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Volume III - The Art of Personality

Part II - Rasa Shastra - The Science of Life's Creative Forces

Chapter XI


Marriage is from nature, and is simply an attachment. Some see a great significance in marriage, believing that couples are born and made for each other. Others believe that this attachment is but the outcome of the nearness of two individuals to each other, which, developing leads them to form a partnership.

Actually one sees marriages which illustrate both these ideas. The first may be seen operating in the vegetable kingdom. It may be traced in the position of two leaves on the same stem, one balancing the other and responding to the other. The second may be seen ruling the animal world, where mates become attached to each other through propinquity, until something comes to disturb their lives together. And then, absent from one another, they forget each other and readily accept a new mate.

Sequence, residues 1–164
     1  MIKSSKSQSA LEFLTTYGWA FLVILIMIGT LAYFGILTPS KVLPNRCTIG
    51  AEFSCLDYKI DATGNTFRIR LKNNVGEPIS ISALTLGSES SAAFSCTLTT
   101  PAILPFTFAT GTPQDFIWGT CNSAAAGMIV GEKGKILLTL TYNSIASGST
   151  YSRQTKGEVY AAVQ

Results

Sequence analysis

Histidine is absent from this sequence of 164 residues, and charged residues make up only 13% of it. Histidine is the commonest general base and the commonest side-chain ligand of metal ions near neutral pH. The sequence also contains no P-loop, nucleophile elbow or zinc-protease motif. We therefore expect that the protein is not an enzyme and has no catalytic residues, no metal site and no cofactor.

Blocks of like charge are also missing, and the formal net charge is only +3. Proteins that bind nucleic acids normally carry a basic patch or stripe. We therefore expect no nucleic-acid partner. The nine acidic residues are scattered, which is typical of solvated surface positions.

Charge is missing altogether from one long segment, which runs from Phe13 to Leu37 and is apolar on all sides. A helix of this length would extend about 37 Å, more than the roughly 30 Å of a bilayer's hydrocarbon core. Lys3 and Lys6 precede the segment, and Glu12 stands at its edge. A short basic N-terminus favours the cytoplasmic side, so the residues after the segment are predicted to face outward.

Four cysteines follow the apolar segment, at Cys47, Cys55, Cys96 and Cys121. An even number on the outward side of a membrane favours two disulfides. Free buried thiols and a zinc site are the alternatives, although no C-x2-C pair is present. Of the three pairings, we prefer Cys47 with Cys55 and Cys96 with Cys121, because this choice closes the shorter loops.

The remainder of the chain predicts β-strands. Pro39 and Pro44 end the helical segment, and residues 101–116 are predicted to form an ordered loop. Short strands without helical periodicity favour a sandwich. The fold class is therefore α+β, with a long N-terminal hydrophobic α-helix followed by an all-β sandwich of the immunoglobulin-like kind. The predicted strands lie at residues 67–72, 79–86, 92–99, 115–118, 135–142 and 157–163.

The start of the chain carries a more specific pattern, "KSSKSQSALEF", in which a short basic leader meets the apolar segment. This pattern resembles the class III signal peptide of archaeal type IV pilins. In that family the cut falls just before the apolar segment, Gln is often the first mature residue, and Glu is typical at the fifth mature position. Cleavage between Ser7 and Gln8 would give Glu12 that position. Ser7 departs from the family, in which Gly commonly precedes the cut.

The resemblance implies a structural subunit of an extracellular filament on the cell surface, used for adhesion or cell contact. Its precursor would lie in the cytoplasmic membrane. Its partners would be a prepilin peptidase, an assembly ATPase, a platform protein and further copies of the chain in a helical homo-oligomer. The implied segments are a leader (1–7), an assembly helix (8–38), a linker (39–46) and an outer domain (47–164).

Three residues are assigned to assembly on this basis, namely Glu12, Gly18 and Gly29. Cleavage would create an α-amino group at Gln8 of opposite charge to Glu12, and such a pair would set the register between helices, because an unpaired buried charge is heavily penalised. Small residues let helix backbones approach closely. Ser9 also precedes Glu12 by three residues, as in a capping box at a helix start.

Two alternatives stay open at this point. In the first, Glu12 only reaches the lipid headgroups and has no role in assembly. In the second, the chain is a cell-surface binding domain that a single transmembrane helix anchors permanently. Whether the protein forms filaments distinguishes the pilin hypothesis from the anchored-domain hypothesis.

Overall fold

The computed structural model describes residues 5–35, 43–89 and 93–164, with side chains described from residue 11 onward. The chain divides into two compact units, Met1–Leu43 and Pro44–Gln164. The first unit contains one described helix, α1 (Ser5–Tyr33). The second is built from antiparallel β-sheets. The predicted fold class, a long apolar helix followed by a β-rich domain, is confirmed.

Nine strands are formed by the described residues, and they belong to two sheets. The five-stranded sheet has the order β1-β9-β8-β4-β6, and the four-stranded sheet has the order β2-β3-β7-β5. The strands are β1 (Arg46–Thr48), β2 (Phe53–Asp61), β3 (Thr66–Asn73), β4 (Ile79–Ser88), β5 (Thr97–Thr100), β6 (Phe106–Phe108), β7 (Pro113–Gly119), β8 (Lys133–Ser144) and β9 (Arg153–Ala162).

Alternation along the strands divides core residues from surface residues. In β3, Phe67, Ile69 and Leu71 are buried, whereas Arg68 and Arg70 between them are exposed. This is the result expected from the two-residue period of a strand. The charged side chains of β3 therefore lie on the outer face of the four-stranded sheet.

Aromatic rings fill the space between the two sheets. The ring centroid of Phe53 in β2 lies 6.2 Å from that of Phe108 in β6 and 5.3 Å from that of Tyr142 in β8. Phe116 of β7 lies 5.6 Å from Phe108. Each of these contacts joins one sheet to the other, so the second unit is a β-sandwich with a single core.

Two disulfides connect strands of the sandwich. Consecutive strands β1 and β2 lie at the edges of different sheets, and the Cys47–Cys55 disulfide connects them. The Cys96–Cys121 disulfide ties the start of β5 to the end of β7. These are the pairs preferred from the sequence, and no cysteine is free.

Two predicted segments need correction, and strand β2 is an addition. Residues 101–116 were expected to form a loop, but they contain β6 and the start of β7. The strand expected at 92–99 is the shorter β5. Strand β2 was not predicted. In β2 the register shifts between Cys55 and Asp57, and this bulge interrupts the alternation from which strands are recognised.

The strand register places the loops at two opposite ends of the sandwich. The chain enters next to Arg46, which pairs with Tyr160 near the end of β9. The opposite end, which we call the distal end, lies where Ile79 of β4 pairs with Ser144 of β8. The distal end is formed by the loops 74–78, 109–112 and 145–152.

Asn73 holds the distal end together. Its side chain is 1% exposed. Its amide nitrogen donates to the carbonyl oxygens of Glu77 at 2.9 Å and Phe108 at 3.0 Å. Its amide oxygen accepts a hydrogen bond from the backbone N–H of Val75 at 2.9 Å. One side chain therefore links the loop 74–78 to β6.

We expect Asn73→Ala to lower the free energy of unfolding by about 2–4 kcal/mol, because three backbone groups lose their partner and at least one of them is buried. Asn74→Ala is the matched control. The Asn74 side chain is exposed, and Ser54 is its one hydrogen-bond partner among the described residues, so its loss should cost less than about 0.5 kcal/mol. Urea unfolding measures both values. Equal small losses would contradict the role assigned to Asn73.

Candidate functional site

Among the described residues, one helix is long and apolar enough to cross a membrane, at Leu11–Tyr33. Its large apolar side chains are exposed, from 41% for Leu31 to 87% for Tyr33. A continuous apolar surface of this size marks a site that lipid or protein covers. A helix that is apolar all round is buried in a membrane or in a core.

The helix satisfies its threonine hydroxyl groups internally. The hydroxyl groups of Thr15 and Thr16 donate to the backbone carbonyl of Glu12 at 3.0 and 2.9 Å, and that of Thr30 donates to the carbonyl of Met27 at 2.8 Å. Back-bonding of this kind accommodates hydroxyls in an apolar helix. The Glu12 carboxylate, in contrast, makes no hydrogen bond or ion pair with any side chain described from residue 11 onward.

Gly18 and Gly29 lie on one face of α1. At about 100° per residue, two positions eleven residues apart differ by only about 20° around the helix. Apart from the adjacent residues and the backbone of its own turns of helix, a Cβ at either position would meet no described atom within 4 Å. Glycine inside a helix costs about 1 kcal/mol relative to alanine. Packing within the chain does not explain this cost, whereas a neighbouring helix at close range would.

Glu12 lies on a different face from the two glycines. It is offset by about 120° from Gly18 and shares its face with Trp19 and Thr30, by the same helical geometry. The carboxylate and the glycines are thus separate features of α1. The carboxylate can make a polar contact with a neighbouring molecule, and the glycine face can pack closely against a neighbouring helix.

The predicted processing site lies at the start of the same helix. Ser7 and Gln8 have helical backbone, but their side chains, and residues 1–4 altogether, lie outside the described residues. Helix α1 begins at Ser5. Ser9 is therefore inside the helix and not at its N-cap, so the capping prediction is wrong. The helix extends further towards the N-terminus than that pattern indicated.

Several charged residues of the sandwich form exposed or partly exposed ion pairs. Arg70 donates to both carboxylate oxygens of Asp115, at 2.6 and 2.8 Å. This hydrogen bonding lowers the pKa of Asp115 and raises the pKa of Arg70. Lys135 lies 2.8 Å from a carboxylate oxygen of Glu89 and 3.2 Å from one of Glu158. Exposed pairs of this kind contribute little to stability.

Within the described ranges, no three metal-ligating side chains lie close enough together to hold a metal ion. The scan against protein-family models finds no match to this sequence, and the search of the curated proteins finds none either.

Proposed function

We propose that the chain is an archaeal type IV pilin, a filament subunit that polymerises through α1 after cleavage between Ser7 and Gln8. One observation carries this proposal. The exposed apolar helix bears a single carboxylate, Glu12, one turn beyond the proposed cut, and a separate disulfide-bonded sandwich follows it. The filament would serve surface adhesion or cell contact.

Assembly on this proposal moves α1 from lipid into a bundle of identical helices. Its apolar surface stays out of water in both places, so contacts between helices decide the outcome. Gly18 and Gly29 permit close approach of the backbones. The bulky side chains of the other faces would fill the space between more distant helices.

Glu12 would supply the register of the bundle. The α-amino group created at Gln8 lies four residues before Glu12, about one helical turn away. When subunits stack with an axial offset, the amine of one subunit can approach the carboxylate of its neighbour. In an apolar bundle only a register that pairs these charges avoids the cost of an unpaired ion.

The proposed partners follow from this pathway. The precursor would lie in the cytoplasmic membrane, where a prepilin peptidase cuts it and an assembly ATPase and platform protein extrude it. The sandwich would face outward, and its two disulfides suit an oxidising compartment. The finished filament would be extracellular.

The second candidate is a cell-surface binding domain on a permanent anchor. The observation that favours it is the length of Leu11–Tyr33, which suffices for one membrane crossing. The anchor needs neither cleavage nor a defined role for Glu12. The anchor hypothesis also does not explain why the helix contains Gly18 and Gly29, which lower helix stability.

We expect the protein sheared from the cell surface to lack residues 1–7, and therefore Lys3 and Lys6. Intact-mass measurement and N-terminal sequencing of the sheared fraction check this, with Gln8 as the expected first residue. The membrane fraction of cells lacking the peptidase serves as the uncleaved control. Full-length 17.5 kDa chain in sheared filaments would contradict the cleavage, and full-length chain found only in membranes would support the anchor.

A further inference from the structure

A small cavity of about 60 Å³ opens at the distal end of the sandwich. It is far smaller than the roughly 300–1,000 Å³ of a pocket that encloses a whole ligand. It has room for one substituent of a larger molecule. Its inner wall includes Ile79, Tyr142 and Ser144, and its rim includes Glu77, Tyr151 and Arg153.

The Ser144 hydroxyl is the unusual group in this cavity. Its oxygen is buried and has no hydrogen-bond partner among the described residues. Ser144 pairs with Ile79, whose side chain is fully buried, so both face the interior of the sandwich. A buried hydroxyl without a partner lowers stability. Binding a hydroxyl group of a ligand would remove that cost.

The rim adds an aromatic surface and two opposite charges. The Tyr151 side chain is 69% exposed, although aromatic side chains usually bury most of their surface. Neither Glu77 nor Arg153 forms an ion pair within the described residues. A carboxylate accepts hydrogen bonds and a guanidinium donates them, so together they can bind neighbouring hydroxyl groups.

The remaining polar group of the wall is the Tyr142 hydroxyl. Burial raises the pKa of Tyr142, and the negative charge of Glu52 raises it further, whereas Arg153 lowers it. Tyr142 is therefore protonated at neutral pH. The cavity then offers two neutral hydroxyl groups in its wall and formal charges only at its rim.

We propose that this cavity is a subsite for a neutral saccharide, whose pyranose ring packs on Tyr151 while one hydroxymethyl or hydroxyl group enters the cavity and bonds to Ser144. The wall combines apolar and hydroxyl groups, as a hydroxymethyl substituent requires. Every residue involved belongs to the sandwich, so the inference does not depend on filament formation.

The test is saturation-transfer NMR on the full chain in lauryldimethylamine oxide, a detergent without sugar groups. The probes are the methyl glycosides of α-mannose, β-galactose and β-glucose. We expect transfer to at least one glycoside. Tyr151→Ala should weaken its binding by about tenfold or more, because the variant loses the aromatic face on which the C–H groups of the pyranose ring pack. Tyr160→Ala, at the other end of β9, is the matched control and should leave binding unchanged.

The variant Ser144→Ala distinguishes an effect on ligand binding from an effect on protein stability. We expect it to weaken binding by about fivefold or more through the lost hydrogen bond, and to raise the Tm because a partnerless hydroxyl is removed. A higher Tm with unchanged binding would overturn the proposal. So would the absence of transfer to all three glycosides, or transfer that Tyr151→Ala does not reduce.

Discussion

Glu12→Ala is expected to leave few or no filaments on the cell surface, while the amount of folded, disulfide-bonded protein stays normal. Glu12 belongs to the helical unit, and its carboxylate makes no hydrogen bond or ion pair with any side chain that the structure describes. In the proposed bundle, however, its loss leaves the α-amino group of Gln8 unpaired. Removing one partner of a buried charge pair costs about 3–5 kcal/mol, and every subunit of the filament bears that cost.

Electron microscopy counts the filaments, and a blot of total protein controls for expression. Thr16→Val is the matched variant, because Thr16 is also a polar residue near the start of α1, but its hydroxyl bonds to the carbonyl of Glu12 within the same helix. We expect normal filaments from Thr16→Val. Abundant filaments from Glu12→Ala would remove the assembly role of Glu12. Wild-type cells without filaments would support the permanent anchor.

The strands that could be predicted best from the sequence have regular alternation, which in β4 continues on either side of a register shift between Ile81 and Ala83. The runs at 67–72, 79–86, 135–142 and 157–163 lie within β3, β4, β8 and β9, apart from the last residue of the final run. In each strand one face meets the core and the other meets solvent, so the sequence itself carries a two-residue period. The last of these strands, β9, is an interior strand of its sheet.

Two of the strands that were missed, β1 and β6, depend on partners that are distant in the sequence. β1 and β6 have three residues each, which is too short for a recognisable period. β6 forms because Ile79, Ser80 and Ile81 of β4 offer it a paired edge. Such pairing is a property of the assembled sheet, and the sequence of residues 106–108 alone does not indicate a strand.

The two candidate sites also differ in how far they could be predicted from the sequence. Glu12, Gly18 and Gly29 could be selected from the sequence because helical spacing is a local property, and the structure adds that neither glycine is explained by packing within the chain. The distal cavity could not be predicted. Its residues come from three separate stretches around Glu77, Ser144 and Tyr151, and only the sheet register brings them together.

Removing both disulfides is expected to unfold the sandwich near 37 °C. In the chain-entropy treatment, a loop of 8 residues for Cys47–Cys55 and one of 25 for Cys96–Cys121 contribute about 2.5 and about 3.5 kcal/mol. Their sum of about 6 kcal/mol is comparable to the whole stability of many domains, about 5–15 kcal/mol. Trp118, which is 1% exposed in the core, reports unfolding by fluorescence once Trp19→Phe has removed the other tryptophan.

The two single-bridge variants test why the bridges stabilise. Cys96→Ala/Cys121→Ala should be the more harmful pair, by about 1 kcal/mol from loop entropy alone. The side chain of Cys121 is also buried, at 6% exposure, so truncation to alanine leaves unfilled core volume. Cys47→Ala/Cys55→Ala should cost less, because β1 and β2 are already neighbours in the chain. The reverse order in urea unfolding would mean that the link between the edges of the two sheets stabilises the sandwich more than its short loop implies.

But man always has something of sincerity and faithfulness in his nature. Though he lives his life in a changing scene he values steadiness and constancy. The origin of his soul is indeed that one and eternal Spirit, which does not change. And it is this human tendency to constancy that has helped to bring about the recognition of the attachment between man and woman, a recognition that has developed into the many and varied institutions of marriage. For the human pair so attached have wished to think of themselves as united in a desire for constancy. And they have also wished others to look upon them as a couple joined in a constant partnership.